This week in a Pretoria, South Africa courtroom, two very different accounts are emerging about the precise circumstances that led to double-amputee Olympic and Paralympic runner Oscar Pistorius shooting and killing his girlfriend Reeva Steenkamp.

At least that one fact is agreed upon by both Pistorius and the prosecution. But while Pistorius claims it was a case of mistaken identity, the prosecution argues the so-called Blade Runner planned and carried out a premeditated murder after the couple had an argument.

Following are the two versions of what took place, as filed during the bail hearings this week:

Pistorius' version of events, according to a court affidavit:

  • After altering plans which would have seen them spend Valentine's Day evening apart, Pistorius and Steenkamp decided (on her suggestion) to spend the evening together and have a quiet dinner at home. Both had previously planned to go out with separate groups of friends.
  • By about 10 p.m. local time on Feb. 13, the couple was in their bedroom in Pistorius' home in Pretoria. She was doing yoga exercises, while Pistorius was in bed watching television, his prosthetic legs detached. "We were deeply in love and could not have been happier. I know she felt the same way," Pistorius said in the affidavit.
  • Steenkamp then finished her yoga exercises, got into bed, and both fell asleep.
  • During the early morning hours of Feb. 14, Pistorius says he got up and went onto the balcony to bring in a fan and close the sliding doors.
  • He then heard a noise in the bathroom and "felt a sense of terror rushing" over him. Pistorius said there were no burglar bars across the bathroom window, and he knew contractors had recently left a ladder outside the house. He said he was too scared to turn on the lights.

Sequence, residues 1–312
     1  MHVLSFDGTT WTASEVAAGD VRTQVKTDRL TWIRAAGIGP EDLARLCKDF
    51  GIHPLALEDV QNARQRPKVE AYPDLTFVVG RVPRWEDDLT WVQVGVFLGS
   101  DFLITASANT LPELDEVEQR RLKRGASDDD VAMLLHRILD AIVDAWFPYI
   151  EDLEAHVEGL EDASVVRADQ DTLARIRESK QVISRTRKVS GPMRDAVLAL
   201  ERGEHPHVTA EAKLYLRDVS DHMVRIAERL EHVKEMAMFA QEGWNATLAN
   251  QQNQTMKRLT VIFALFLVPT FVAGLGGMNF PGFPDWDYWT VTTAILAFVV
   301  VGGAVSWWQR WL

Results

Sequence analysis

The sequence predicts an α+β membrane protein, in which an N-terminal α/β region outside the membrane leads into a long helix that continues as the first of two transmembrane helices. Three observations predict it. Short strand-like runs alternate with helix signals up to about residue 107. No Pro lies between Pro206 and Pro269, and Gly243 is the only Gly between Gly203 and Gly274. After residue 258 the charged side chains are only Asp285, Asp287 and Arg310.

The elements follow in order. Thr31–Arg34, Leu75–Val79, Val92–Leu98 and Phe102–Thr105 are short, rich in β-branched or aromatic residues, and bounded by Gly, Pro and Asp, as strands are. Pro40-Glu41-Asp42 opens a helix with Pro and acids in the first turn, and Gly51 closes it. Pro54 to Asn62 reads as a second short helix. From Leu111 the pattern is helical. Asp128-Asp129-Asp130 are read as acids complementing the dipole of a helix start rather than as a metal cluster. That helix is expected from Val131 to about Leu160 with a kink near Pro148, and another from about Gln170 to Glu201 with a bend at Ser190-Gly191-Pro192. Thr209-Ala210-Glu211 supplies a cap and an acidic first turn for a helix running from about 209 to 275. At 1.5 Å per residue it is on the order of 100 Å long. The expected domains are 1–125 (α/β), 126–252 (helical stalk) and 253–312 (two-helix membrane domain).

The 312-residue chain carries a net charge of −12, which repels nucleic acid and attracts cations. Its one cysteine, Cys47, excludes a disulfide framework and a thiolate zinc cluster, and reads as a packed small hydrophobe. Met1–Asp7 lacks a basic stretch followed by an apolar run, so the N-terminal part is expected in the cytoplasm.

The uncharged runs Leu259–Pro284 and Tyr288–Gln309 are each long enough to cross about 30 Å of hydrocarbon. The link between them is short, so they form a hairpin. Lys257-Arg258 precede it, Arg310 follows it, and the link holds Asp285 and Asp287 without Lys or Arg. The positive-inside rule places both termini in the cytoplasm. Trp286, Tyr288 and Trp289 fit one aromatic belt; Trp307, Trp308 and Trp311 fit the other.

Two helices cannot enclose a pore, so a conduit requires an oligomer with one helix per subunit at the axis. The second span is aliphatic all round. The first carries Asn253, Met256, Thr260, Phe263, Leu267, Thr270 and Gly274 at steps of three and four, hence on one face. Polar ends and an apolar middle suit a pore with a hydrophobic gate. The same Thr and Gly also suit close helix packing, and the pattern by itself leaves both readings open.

• "I grabbed my 9mm pistol from underneath my bed. On my way to the bathroom I screamed words to the effect for him/them to get out of my house and for Reeva to phone the police. It was pitch dark in the bedroom and (I) thought Reeva was in bed."
  • At this point, Pistorius said he was still not wearing his prosthetic legs and although he has some mobility without them, felt "extremely vulnerable." He said he knew he had to protect Steenkamp and himself, and felt they would be in grave danger if the intruder came out of the bathroom.
  • Pistorius then fired four shots through the bathroom door and shouted to Steenkamp to phone the police. When she did not respond, he backed away from the bathroom, towards the bedroom, and realized that Steenkamp was not in bed: "That is when it dawned on me that it could have been Reeva who was in the toilet," he said.
  • Pistorius then tried to open the door to the bathroom, but it was locked. He went back to the balcony and screamed for help before putting on his prosthetic legs and trying to kick down the door. When that didn't work, he grabbed his cricket bat to break down the door, and found Steenkamp, who was shot three times, slumped over but alive.